Archive for July, 2010

MANE Barista Jam, 2010

2009's Spro Down champ, 16 year old Casey Killo of Perk On Main in Emmaus, PA, with Jam organizers Troy Reynard, Cosmic Cup in Easton, Gerra Harrigan of New Harvest in Providence.

The Mid-Atlantic/North Eastern Barista Jam is set to go for October 8-10, 2010.  This year marks the first North Eastern location, Providence Rhode Island.  The Jam will alternate between the Mid-Atlantic and North Eastern locations each year from now on.

This Barista Jam is much more than a simple Jam.  It is a 3 day extravaganza, a convention, a massive gathering, with participants last year coming from Ohio, upstate New York, Maryland, Pennsylvania, Massachusetts, Rhode Island, and California.  Lectures from World Barista Champs, coffee importers, and top shelf professional trainers are par for the course.   Activities ranging from free form espresso play, manual brewing experimentation, latte art throwdowns and spro downs are always on tap.  Delicious food, copious alcohol, and the occasional  hot tub are always on the agenda.   This is not a small gathering of Baristas in little coffee shop, this is a blow-out of huge stature that goes on for days.  Connections are made, careers are forged or bolstered, new friendships are formed and old one sustained.  The elbows you rub here might someday get you a job that will propel you skills to new levels unachievable at your current dead-end job.  Star crossed lovers will meet.  Lives and careers may very well reach the turning point they have been waiting for.  This is not hyperbole, people, this event is the pinnacle of Barista Jams in North America.  Brace yourselves.

I will post registration details  as soon as they become available.  If I am not overstepping by giving you a tiny preview,  I have it on good authority that the keynote speaker this year will be Sarah Allen  of Barista Magazine.

Ellie Matuzak, with assistant David Latourell (sitting on the table), at the esspreso preparation lecture at the 2009 MANE Jam

Also, I’ve updated the blog appearance to something new.

The Mystique of the Chemex Filter

At the risk of alienating a lot of good coffee friends and placing myself in that category of observes who will most assuredly get picked last for the Barista KickBall tournament (again) this year, I’m just gonna go ahead and say it.  I do not believe in the Mystique of the Chemex filter.

From the side of the Chemex filter box we read:

“Perfect coffee gives you full flavor without bitterness….  Chemex-bonded® filters filter out all bitterness, sediment, and oils: prduce a clear, flavorful coffee, without fail.”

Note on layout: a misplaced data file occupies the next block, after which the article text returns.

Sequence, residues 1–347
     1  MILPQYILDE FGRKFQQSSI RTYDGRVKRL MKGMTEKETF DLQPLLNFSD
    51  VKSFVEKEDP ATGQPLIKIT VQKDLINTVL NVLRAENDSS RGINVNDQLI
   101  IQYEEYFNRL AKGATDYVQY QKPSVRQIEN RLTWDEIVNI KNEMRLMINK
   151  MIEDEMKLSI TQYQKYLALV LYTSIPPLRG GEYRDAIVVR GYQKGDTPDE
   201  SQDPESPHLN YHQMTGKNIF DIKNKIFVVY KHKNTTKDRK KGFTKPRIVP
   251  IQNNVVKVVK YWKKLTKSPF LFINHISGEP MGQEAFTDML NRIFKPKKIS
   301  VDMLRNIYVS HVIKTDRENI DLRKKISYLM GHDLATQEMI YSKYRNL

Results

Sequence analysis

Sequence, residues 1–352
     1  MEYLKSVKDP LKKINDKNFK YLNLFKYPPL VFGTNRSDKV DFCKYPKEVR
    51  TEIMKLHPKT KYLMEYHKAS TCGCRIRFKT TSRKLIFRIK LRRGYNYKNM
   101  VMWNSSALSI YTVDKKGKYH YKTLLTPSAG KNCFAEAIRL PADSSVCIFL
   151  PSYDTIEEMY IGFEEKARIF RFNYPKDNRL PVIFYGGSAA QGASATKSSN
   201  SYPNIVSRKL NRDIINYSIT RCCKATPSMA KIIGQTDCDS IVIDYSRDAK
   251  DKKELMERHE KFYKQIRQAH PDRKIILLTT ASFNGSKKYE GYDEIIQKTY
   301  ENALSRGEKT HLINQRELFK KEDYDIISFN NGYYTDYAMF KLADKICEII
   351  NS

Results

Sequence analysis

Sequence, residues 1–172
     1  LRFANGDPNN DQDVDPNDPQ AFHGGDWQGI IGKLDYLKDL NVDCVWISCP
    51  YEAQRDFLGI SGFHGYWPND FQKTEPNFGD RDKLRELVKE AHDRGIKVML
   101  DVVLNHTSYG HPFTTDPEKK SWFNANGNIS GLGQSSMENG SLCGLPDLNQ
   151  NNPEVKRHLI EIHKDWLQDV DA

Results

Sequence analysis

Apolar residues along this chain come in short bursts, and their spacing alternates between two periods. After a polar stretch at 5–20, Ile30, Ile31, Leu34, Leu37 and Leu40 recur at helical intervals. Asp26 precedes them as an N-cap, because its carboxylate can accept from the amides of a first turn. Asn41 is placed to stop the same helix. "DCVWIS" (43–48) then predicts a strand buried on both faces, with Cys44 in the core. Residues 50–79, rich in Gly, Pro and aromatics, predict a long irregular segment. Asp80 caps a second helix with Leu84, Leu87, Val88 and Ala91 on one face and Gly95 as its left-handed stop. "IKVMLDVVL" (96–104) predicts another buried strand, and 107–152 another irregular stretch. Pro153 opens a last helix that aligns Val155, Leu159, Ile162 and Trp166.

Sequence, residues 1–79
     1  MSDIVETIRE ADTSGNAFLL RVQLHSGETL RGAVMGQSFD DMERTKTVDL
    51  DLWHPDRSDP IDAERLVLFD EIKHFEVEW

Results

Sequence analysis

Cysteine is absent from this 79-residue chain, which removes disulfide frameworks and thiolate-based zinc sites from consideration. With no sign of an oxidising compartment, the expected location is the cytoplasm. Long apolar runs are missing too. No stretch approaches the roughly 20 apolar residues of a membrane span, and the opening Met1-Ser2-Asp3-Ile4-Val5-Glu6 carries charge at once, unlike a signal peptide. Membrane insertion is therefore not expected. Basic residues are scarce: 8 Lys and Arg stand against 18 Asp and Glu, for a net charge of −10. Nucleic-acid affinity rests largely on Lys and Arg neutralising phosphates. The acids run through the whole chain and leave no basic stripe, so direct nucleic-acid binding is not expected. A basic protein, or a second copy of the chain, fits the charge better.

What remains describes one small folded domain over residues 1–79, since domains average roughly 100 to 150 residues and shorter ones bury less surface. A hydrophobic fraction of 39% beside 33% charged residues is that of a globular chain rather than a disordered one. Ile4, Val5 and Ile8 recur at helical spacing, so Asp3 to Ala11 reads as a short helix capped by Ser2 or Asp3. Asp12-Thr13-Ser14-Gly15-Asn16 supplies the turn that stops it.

This simple and effective marketing language has spawned the widely held belief that there is something special and unique about the fiber and construction of this particular paper that endows it with the almost magical property capturing “all bitterness”.   I would appreciate an explanation of just exactly what physical mechanism present in the fibers of this revered fabric can distinguish between bitter flavor components and all the hundreds of flavor components present in coffee liquid.  Of course, that is the purpose of marketing; to distinguish your product as something unique among all the similar or identical products available.  Well I don’t believe it.

As any Barista experienced in dialing in pour-over brewing methods will (hopefully) tell you, reducing bitterness is a function of grind adjustment, agitation,  and dwell time.  The Chemex can be a real curmudgeon when it comes to dwell time.  This is in no small part due to the design of the filter (in combination with the smooth and ridge-less glass).  The beauty and elegance of the beaker is without question.  There is no bucket of criticism in that department that will carry any water, or coffee.  The exquisite  hour glass shape combined with accents of natural wood and leather provide the user with an unparalleled feeling of happiness when brewing or serving.  But this is no reason to imbue the Chemex with such fictitious qualities borne out of the herd mentality, or worse,  superstition.

I believe the most important factor in filter paper is the fiber from which it is made.  Abaca filters are excellent for strength-to-weight ratio and low occurrence of flavorful starches and tastful impurities.

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